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Facebook Newsfeed Algorithm Updates – 3 Things to Know

facebook algorithm

For a company not even two decades old, Facebook has done a fantastic job integrating itself into the daily lives of people around the globe. It quickly became a hot spot for brands looking to connect to a wide variety of audiences, and public relations professionals have been including the platform in their communications plans ever since. However, Facebook hasn’t made their job easy. After successfully positioning themselves as a requirement of nearly any brand’s PR, the social media giant has continuously made it harder for companies to reach their Facebook followers.

Despite keeping up the appearance of a brand friendly platform in recent years, Facebook’s frequent newsfeed algorithm changes have cut back on the reach that companies are able to achieve. Their most recent changes, announced June 29, 2016, will redirect social media users back to what Facebook says was its original intention – connecting with family and friends. Content on users’ newsfeeds will highlight posts from their friends and family, rather than posts from brands and pages. This is a stricter version of a change that has been happening since Facebook did away with its completely chronological newsfeed a few years ago.


Here’s 3 things for communications pros to keep in mind with the new changes:

Shareable content is more important than total follower count

When users were guaranteed to see most of your page’s posts in their newsfeed, a simple “like” was enough to boost your reach. Now, more than ever, engaging content is the key to reaching your desired audience. Though your page’s posts will take more of a backseat on the newsfeed, there’s still ways to reach your targets through their friends and family. The content now given priority isn’t just posts from friends, it includes highlights of what they’ve commented on and shared. Engaging content is content that gets shared and discussed, and shared content reaches beyond your page followers. Focus on creating content that adds value for your followers and isn’t just marketing. No matter how many followers and likes a brand currently has, there’s potential to reach hundreds if not thousands more through commenting and sharing.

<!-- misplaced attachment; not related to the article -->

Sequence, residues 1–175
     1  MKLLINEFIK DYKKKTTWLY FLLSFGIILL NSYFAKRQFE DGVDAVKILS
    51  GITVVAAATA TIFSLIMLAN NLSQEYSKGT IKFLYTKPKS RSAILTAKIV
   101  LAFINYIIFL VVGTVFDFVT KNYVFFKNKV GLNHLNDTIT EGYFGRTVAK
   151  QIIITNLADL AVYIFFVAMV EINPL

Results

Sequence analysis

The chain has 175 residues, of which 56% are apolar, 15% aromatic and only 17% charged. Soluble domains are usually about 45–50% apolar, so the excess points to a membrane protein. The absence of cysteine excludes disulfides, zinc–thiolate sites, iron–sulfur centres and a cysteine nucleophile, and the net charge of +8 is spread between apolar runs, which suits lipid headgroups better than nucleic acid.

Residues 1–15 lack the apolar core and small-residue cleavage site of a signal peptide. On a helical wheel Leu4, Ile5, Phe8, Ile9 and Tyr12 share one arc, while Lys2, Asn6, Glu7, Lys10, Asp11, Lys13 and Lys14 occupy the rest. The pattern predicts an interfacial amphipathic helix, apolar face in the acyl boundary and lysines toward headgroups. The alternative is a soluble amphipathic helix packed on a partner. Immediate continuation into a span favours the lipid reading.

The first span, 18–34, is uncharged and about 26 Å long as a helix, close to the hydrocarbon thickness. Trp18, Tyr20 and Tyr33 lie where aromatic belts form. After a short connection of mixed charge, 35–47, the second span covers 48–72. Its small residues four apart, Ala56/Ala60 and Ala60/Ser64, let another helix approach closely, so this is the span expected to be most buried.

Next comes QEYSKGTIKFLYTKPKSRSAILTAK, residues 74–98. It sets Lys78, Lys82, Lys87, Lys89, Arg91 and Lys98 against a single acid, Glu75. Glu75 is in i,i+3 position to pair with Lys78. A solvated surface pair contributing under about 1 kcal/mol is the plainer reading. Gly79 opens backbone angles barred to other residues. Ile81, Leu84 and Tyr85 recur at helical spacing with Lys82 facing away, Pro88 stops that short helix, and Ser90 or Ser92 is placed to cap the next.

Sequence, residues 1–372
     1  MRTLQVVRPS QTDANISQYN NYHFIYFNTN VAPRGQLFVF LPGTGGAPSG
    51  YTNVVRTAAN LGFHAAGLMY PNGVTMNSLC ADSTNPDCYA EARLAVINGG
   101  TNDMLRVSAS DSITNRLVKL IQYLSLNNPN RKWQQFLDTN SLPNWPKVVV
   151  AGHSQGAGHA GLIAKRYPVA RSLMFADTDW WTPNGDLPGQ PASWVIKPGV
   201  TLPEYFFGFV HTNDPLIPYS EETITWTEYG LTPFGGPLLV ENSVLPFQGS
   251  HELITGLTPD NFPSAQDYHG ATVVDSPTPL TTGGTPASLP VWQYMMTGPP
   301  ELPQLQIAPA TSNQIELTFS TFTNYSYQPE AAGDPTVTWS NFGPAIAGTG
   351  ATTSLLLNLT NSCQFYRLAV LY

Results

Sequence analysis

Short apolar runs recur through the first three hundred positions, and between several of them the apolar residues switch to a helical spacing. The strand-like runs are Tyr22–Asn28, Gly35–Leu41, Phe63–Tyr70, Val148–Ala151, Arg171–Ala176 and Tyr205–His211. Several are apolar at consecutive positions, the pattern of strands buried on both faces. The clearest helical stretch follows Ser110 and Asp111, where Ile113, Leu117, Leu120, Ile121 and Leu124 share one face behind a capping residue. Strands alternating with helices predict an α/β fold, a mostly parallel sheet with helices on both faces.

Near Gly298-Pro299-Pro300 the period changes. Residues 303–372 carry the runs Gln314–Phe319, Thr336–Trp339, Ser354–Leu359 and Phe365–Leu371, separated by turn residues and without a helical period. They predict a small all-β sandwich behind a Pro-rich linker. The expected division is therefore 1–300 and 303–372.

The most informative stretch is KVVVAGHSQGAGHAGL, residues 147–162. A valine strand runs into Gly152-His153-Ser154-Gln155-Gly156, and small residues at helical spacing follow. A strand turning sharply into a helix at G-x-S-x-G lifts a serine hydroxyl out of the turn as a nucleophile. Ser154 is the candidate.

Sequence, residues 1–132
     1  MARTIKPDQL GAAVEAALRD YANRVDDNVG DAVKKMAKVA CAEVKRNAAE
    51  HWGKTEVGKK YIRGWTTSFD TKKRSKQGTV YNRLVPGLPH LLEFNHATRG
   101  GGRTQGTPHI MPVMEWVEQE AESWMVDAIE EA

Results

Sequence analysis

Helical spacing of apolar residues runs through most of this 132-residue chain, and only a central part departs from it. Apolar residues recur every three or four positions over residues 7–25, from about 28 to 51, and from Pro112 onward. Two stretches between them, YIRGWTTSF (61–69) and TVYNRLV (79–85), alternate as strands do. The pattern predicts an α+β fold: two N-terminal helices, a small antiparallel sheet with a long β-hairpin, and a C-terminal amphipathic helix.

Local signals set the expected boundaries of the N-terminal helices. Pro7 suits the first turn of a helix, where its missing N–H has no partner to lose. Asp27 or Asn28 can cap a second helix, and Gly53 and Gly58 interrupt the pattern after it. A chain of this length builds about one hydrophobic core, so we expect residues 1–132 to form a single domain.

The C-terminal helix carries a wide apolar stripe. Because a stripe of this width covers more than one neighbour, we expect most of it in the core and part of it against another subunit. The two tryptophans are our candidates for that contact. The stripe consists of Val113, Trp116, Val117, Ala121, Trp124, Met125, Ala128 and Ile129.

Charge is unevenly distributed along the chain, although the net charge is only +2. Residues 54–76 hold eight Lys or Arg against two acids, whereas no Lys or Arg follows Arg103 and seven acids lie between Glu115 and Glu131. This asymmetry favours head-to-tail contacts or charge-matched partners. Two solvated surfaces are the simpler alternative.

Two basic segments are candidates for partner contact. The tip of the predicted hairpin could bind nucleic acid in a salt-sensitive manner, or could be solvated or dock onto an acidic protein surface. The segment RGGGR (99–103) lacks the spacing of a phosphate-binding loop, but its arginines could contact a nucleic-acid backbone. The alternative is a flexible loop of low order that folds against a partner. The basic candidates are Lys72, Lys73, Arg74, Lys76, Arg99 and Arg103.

Advertising reach is not affected

The reach of paid ads on Facebook will not be affected by the algorithm changes. Keep in mind, though, that social media users don’t have a high opinion of advertising on these platforms. Have specific goals in mind for your ads, and line up the content with what’s being posted on your page. Think like your consumer – what value can you add for them through a social media advertisement? How can you create the ad to be less intrusive and more engaging?

Don’t put all your eggs in the Facebook basket